The No-Calorie Miracle!

I was thrilled! Here was a widely used, totally natural sweetener that had virtually no calories. I immediately began experimenting with it--baking with it, adding it to beverages and making Stevia-flavored desserts. Many clients that I counsel as a nutritionist began to use it in place of sugar. They could now enjoy a sweet taste and avoid the harmful consequences of excessive sugar intake. Soon thereafter, I arranged for delivery of a large amount of stevia, both for my personal use and to make available to clients.


FDA Ruling Sours Sweet Stevia Story

In 1991, a curious thing happened. The Food and Drug Administration (FDA) labeled stevia an "Unsafe food additive" and issued an alert blocking the importation of stevia into the United States. This seemed to be a really peculiar development. After all, not that many people knew about stevia and it was sold almost solely in health food stores. As the months rolled by, I noticed that the health food stores, knowing of the ban, continued to sell stevia quite openly. It moved quickly off the shelves as loyal customers bought the last available supplies. Then it was gone.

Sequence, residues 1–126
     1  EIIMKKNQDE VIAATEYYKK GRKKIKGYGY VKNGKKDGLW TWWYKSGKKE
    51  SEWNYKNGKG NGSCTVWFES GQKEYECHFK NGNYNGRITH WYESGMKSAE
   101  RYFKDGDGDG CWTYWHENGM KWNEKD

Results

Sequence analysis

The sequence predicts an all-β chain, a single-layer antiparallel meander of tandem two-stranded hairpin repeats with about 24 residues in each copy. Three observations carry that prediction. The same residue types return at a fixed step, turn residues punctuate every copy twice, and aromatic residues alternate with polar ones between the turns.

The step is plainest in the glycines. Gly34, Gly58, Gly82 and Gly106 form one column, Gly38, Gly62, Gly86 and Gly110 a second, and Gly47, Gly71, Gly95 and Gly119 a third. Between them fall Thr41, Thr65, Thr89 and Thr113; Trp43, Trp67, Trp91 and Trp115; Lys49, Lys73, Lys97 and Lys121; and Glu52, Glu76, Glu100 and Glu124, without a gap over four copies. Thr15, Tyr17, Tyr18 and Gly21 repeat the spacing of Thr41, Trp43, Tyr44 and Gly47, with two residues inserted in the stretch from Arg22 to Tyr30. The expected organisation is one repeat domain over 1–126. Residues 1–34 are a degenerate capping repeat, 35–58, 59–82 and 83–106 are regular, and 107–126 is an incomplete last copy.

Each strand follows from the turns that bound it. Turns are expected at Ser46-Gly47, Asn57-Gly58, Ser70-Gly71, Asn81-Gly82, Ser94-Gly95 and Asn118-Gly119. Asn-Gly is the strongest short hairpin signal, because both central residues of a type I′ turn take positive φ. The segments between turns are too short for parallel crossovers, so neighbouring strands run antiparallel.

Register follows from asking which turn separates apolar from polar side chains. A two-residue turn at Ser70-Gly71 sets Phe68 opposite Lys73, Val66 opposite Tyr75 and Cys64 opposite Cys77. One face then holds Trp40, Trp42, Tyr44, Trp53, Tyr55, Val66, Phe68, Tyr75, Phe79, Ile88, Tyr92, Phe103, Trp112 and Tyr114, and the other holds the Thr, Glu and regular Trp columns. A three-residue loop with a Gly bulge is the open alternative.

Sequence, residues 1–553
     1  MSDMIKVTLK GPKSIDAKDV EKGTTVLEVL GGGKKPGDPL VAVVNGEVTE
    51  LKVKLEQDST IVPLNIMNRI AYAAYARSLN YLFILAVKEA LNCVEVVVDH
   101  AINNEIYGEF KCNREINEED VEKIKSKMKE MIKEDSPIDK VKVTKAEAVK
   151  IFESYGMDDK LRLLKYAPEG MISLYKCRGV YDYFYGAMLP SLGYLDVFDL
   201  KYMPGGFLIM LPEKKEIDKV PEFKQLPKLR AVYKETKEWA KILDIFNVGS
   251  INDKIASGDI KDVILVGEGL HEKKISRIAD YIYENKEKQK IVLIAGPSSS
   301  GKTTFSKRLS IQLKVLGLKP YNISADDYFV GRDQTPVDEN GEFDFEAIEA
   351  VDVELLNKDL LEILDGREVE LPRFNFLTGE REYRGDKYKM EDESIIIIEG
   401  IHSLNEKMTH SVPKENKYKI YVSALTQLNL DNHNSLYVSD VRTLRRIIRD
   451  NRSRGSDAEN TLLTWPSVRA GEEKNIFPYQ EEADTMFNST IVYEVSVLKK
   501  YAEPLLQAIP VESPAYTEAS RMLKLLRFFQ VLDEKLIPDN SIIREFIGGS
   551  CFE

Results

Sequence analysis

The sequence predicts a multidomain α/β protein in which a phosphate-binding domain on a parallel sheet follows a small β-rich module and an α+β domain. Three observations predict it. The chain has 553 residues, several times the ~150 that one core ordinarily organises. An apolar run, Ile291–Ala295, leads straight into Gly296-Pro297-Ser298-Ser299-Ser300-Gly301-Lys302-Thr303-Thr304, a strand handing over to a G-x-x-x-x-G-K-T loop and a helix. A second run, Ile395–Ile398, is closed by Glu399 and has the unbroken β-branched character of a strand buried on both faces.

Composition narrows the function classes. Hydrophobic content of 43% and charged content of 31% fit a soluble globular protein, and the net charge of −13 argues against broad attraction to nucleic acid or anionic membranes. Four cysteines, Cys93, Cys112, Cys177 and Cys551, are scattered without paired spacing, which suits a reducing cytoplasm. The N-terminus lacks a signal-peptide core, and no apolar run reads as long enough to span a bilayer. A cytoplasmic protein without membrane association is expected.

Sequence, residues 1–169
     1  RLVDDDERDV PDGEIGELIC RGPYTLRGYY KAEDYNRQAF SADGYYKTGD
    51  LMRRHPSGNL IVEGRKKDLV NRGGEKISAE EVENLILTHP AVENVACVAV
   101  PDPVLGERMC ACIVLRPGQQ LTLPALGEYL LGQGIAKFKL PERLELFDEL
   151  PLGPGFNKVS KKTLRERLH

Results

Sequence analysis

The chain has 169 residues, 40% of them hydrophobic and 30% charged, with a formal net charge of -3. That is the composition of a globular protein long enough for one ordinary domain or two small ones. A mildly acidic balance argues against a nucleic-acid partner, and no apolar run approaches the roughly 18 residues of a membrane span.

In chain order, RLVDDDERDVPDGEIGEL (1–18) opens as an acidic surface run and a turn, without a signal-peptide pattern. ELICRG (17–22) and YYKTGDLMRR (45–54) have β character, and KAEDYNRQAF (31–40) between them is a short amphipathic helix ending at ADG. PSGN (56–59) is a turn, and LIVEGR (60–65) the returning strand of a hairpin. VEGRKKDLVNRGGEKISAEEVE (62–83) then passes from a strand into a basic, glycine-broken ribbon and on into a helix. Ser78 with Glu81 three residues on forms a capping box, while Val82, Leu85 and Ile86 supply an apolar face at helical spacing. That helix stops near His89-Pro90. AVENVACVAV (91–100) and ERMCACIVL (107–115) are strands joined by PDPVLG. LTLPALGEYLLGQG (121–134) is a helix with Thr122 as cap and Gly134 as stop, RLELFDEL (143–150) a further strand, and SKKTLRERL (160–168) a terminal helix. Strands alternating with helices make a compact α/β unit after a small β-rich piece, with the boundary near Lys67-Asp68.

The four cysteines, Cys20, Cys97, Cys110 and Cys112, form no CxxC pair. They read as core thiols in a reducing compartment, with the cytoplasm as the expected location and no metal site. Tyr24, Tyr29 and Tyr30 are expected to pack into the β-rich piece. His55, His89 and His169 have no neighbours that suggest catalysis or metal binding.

During this time, I did an enormous amount of research. First, I used a Freedom of Information Act request to ensure that I had all the information on stevia then in the hands of the FDA. No indication of any ill effects in humans appeared anywhere in any of the literature, nor in other reports that I found independently. Plus, I was using it regularly, as were many people I knew. No one had noticed any adverse effects. Everyone loved it.